The Company assessed the recoverability of its equity investment in the Solazyme Bunge JV as of December 31, 2015 using a discounted cash flow analysis. Based upon such analysis, the Company expects to recover the carrying amount of its equity investment and concluded that its equity investment was not impaired. The Company is not aware of any events since that assessment was done that would indicate its equity investment was impaired as of September 30, 2016 .
The process of evaluating the potential impairment is subjective and requires significant estimates and assumptions. The Company’s estimated future cash flows are based on assumptions that are consistent with its annual planning process and include estimates for revenue and operating margins and future economic and market conditions. Actual future results may differ significantly from those estimates.  Changes in assumptions or circumstances could result in an impairment in the period the change occurs and in future years. Management’s conclusion that its equity investment was not impaired as of December 31, 2015 was based upon the following critical estimates and assumptions:
No significant adverse change in the regulatory or economic environment in Brazil or other countries, as applicable
No significant difficulties as production increases from minimal capacity to full capacity over the next several years
Sales mix of products currently commercially produced and sold to existing customers as well as certain oil products for food and animal nutrition markets under development and expected to be commercialized in 2016 and 2017
Average selling prices based on current contracted prices and at or above market prices for comparable products
Additional capital investment to increase plant capacity for new products and process improvements of approximately $50 million in total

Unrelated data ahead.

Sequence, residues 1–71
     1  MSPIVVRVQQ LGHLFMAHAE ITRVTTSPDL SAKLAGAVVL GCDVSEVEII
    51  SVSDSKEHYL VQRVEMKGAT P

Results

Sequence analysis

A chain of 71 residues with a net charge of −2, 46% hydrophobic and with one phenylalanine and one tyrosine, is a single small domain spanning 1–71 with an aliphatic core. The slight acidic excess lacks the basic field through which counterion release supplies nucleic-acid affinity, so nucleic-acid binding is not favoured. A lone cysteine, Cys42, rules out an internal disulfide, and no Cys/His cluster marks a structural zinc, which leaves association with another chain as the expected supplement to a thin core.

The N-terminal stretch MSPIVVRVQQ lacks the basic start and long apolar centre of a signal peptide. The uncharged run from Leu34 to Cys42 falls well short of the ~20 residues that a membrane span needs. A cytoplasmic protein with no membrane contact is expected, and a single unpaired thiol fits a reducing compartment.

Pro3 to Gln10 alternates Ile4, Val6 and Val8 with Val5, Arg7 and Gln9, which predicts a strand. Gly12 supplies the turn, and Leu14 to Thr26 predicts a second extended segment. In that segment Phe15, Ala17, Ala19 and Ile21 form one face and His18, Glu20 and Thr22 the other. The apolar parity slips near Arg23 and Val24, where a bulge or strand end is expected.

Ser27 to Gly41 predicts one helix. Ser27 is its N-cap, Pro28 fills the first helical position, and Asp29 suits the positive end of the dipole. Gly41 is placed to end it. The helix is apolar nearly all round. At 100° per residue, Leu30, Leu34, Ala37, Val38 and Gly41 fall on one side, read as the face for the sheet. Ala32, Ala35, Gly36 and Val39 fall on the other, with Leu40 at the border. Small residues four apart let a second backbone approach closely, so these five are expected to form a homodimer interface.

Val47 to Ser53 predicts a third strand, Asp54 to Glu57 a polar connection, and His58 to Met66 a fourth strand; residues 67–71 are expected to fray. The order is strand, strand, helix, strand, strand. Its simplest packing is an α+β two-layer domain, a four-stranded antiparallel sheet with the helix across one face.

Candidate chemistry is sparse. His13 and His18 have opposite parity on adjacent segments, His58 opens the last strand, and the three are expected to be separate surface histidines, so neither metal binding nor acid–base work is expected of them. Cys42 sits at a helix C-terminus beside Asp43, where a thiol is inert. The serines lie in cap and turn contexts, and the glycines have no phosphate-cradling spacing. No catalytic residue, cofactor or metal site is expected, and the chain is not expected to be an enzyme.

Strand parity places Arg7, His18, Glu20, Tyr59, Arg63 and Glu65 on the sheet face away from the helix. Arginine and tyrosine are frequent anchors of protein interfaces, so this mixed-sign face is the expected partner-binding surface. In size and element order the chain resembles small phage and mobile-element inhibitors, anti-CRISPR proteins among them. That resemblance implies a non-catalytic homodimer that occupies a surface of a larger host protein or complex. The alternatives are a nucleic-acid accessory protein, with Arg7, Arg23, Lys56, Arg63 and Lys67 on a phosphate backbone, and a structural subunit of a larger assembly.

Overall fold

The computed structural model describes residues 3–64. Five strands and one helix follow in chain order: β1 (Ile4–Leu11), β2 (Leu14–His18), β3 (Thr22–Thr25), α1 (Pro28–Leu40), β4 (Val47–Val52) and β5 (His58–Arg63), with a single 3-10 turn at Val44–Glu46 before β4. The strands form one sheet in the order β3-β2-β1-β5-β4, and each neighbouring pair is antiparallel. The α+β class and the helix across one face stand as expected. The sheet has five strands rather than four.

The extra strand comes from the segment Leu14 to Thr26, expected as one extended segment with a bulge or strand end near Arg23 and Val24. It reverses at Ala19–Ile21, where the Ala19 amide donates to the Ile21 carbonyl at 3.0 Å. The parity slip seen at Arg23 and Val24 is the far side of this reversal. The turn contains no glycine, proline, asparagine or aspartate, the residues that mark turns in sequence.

Increased fermentation and recovery efficiencies over the next 5 years based on strain and process improvements
Reduction to production costs based on ramp up of production volume to an aggregate maximum plant capacity in line with sales volume
Discount rate of approximately 14%
In order for the Solazyme Bunge JV to achieve sufficient cash flows to enable the Company to fully recover its equity investment, the Solazyme Bunge JV must:
Increase production volumes by:
Optimizing plant throughput
Improving lipid and oil content output
Increasing final recovery yields
Maintain access to low-cost cane sugar feedstock and power
Commercialize and sell its high value products
The estimates used for cash flow forecasts required significant exercise of judgment and are subject to change in future reporting periods as facts and circumstances change. Additionally, the Company may make changes to its business plan that could result in changes to the expected cash flows. As a result, it is possible that impairments may be required in future reporting periods.
Algenist Holdings, Inc.
As further described in Note 3, on August 16, 2016 the Company sold its Algenist skincare business to TCP Algenist LLC, an affiliate of Tengram Capital Partners and Algenist Holdings, Inc. in exchange for $20.2 million in cash (before $1.4 million closing costs), 19.9% of the fully diluted equity of Algenist Holdings, Inc. and the assumption of substantially all of the liabilities related to the Algenist skincare business by Algenist Holdings, Inc . The Company recognized the  19.9%  ownership interest in Algenist Holdings, Inc. at fair value on the date of closing of the transaction. After the sale, the Company considers that it has sufficient influence over Algenist Holdings, Inc. to require equity accounting. Hence the Company recognizes its proportionate share of the earnings (losses) of Algenist Holdings, Inc. under the equity method of accounting within results of continuing operations.